6.You don’t feel comfortable with the patient or wonder about his competence. As a doctor you need to know intimate details of your patient’s life in order to offer proper treatment. If the patient is not comfortable sharing this information, this hinders your ability to adequately treat the patient and opens you up to malpractice. A sense of unease as to whether or not the patient will follow you directions is a perfectly legitimate reason for cutting the cord. Beware of sloppy medical decision-making on the part of your patient since mistakes and misinformation in the chart can lead to a malpractice suit.
7.The patient does not coordinate his care with other doctors. As a specialist, the patient’s primary care doctor should be the quarterback of his healthcare team. If the patient does not share with you his primary care physician or does not inform his primary care physician of his treatment with you, then an important piece of your care could slip through the cracks.
8.The patient is unreachable. A good patient always ensures that the physician can reach him in the event of an emergency. If the patient is argumentative over providing correct demographic information or refuses to do the yearly demographic form, then you as the physician are missing a vital piece of that patient’s information. As important as your patient is in your care, it is also important that the patient realize that when the office is closed and they are having a medical emergency, the best place for them is the emergency room or urgent care center. As a physician, your primary duty is general care, not emergency care.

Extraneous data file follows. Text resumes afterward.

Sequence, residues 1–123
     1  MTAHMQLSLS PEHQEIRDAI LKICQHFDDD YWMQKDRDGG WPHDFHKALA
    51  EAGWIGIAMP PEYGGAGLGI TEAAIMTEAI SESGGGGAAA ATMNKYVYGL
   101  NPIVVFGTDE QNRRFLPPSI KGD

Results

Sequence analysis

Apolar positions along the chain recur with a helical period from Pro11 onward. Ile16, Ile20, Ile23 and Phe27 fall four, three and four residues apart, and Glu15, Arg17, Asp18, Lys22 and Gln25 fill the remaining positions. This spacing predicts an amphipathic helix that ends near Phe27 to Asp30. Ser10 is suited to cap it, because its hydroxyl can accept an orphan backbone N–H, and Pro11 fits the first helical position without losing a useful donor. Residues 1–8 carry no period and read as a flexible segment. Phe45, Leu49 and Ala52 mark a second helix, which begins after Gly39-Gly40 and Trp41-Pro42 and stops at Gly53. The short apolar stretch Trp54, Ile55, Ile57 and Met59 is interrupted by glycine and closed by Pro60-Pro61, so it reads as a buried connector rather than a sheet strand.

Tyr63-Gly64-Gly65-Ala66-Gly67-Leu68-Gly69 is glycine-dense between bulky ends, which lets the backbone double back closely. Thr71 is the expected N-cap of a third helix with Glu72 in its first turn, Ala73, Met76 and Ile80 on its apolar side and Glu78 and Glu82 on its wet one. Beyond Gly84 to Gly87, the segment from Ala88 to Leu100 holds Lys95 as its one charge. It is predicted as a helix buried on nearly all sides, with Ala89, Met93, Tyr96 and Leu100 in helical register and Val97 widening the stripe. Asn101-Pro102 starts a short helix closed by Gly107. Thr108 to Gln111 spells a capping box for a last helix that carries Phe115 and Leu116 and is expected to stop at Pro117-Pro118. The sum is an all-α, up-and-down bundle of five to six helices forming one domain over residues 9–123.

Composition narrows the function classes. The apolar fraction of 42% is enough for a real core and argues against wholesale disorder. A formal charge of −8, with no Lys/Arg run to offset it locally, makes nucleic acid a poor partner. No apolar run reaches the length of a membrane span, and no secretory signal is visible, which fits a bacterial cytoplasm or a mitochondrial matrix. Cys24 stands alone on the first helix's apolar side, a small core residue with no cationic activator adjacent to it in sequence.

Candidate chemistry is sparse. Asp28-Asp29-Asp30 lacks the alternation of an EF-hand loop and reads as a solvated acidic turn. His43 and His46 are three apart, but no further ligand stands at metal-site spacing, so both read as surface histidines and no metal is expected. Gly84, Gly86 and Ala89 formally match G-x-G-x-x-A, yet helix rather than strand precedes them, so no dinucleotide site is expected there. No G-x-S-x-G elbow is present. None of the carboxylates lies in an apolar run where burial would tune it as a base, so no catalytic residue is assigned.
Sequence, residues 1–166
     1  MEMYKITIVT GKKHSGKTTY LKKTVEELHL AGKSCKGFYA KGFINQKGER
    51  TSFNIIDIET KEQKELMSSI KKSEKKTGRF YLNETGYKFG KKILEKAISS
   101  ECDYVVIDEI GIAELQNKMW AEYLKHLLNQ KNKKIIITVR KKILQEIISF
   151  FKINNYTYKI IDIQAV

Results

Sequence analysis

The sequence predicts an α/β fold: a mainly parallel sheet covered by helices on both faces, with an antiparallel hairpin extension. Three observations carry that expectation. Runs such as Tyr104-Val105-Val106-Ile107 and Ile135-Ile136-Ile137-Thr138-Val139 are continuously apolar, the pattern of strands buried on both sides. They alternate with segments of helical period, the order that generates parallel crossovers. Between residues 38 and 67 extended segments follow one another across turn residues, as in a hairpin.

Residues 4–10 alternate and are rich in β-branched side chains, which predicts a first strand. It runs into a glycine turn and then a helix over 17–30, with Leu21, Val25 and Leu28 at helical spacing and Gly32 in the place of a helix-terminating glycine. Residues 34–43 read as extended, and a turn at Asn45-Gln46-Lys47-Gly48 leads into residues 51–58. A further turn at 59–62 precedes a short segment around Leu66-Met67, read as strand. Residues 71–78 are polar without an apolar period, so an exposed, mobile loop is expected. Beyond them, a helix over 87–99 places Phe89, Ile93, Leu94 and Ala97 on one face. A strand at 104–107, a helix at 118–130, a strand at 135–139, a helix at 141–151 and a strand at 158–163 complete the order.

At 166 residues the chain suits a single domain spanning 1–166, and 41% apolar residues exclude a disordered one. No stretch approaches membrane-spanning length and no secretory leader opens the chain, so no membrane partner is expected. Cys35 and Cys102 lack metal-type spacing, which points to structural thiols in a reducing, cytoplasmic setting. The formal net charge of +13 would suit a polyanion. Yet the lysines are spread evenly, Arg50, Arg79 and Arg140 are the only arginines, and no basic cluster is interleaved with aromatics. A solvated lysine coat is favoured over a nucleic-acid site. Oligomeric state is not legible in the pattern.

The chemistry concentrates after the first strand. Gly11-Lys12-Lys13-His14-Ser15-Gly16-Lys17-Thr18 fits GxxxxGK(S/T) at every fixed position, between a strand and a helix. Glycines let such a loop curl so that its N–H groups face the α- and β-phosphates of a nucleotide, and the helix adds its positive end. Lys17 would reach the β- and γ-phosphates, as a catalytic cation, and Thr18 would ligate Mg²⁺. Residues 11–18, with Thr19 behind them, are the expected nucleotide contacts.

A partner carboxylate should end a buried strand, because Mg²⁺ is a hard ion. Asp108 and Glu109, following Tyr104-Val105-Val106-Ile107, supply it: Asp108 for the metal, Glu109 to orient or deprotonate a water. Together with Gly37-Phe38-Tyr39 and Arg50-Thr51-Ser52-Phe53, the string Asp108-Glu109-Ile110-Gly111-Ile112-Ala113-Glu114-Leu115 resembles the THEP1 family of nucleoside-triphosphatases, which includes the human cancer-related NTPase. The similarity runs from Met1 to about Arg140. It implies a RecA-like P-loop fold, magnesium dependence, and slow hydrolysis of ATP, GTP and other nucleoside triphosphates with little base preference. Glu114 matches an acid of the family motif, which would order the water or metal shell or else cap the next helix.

9.The patient is rude or condescending. I attended a workshop many years ago on the proper ways to manage health care information. During that meeting, the speaker asked if we had any Celebrity Patients. I responded no, but a lot of them think they are. Do you have a patient list of CP’s? Does your patient walk away when you are trying to give directions, or simply too important to deal with the policies and procedures of your office. Then it is time to part ways, as this patient will always trivialize both you and your staff.
The article does not have an ending paragraph, but I will include one:
Healthcare is one of the most stressful, busy, and under paid career fields that one can enter. People who enter the healthcare field do so not merely for money, but because of a true empathetic and sympathetic calling to help their fellow man. Many times, this character trait is taken advantage of by people who truly believe that they are the center of the universe. As empathic/sympathetic people, it is in our nature to try to make things right. However, since we are all truly mortal, sometimes things cannot be made right.
The article discusses abrupt behavior by physicians. I do concede that physicians can be abrupt at times; however, it is often due to the amount of information that they must process during the average appointment. The physician is the master of multi-tasking: listening, talking, taking notes, and making decisions very quickly and efficiently. While I am not dismissing the attitudes of physicians, as a patient you need to remember you are seeking a physician for his medical expertise, not as your personal confessor, confidant, or even close friend, but as a professional in the medical field that can treat and mend your injuries and illnesses.